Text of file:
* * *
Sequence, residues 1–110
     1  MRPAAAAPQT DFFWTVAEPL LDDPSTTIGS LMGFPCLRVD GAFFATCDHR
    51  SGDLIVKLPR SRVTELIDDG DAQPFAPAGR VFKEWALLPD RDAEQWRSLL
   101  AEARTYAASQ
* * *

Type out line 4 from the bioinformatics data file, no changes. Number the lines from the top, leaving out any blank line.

   101  AEARTYAASQ